I haven't read yet many of the audobooks but I would say that from those I read, this one was a really nice and welcome surprise in terms of what I've expected.
What I was pleasantly surprised the most was the fact that the author gave a lot of effort into describing tactical space combat. That applied specially in regard to the effort put into describing the space physics of transferring data from the space and responding to such data since in the "Lost Fleet" universe, various data like ship positions, scan data from the planets etc. is transferred no faster than light-speed which means that every data received by ship is something that already happened from several minutes to several hours or even days ago. Then there are specifics regarding space travel and distortion caused to ship sensors by travelling fast through space and so on. Anyway these mechanics are really nicely developed and tactical space combat is nicely described as a result.
The other layer of the story is the internal struggles within the fleet, a long lost hero with a completely different view from an era long gone suddenly takes command and his views are not necessarily the views of his captains. How does he restore order and discipline to the fleet. This is also something I consider to be the weakest point in the novel. The Alliance captains sometimes act so stupidly that is really hard to swallow. I understand the story background which tries to justify such behavior but its really hard to swallow. At moments it seems like the whole human race experienced overall IQ loss. Well, nevertheless I find the story very promising and the plot, with time, opens up even further which makes me wonder where it will take our lost fleet.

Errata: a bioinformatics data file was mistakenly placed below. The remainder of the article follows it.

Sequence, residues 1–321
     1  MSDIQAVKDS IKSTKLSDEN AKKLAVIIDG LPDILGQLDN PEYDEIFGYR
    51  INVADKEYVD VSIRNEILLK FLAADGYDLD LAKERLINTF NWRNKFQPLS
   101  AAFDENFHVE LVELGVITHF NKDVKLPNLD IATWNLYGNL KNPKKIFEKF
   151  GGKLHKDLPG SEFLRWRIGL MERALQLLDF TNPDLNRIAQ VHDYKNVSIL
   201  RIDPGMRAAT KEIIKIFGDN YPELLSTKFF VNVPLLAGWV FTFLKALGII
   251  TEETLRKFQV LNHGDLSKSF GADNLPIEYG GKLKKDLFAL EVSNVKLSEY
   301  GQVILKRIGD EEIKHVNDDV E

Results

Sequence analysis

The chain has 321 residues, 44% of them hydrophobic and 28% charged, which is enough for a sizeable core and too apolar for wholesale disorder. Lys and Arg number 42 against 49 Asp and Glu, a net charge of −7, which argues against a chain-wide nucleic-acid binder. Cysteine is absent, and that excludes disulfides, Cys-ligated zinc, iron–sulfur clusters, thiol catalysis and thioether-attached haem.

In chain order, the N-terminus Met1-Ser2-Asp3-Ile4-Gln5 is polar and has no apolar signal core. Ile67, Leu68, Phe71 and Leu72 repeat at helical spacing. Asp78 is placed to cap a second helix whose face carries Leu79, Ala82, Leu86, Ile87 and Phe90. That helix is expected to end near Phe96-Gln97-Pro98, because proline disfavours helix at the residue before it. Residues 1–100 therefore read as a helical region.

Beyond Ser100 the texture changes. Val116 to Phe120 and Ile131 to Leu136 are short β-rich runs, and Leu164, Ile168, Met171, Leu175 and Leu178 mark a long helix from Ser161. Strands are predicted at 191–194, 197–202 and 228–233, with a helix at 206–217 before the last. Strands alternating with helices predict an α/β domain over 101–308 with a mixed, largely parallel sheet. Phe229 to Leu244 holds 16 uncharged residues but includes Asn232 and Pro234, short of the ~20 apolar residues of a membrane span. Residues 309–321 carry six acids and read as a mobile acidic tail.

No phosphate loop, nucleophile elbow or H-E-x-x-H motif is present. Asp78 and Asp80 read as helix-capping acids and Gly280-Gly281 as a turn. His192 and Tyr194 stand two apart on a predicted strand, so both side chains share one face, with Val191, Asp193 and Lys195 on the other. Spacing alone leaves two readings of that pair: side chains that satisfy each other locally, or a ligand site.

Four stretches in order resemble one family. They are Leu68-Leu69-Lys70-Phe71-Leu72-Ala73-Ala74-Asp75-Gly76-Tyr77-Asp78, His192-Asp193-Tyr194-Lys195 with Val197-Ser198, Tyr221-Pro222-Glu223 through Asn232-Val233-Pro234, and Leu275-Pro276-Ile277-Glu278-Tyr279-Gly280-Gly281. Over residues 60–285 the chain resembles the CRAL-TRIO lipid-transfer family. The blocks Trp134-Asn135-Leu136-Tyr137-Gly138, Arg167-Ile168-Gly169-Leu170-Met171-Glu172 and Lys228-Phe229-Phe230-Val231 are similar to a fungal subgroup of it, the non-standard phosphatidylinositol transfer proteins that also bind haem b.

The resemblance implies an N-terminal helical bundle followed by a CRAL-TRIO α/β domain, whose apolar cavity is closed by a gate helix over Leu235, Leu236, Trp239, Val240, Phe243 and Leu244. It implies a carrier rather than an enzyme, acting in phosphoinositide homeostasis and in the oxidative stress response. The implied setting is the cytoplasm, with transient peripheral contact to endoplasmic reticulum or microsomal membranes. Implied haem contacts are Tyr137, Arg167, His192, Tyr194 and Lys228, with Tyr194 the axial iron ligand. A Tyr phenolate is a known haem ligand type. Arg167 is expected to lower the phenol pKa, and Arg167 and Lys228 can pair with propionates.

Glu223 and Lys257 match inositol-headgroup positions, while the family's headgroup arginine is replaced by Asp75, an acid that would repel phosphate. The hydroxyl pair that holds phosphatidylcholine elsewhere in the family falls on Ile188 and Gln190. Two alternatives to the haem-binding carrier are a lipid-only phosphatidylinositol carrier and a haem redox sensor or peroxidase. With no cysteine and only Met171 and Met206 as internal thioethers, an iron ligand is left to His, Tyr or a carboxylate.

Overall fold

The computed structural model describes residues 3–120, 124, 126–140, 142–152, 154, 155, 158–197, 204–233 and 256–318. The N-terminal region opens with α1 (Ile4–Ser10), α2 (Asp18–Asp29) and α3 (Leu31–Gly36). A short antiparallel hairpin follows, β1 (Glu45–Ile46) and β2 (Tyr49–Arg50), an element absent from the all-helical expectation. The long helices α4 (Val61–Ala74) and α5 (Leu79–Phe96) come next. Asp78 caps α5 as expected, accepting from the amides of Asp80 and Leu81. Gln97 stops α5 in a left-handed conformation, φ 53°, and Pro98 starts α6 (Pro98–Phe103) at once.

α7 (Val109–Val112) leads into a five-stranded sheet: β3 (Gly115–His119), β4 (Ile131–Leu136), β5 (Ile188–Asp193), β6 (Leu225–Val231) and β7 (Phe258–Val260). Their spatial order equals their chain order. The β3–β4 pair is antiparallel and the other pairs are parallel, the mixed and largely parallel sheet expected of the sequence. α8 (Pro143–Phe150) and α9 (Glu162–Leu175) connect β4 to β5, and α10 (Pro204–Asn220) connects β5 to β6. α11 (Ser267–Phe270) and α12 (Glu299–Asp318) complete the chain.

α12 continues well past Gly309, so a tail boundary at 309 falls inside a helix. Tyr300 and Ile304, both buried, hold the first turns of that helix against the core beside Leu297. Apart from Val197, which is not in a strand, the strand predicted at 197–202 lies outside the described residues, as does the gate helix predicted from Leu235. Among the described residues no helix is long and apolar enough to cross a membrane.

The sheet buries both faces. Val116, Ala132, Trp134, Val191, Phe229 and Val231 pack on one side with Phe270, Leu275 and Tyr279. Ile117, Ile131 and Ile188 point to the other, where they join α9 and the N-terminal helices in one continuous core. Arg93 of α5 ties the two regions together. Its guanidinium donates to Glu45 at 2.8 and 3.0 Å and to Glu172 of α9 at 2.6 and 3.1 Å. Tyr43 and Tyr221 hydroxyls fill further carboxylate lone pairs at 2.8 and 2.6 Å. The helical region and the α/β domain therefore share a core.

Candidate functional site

Well, its hard to pick a favorite character since the story is told from a perspective of one character but other supporting characters seems to offer a lot of promise like co-president Rione and captain Desjani, so I am looking forward to see them grow.
I am not a native speaker but I didn't find any problems with the performance. It was clear and adequately paced, not to mention that various appearing characters were nicely performed.
If you are looking for a very well sc-fi novel with believable and interesting space combat physics supplemented with inter fleet machinations and standoff with a ruthless and mostly calculating enemy (Syndics), you will not regret reading this novel. I am looking forward to listening to the remaining 5 books in this series.
I have now listed to the complete series and can say without reservation that I enjoyed them all. If you’re looking for a good ride without any expectations Jack Campbell delivers. His attention to detail in space warfare along with realizing the limitations of gravity and distance is remarkable. Plot lines are straight forward and interesting. There is no pretense of deep philosophical meaning or intent, just good fun space opera.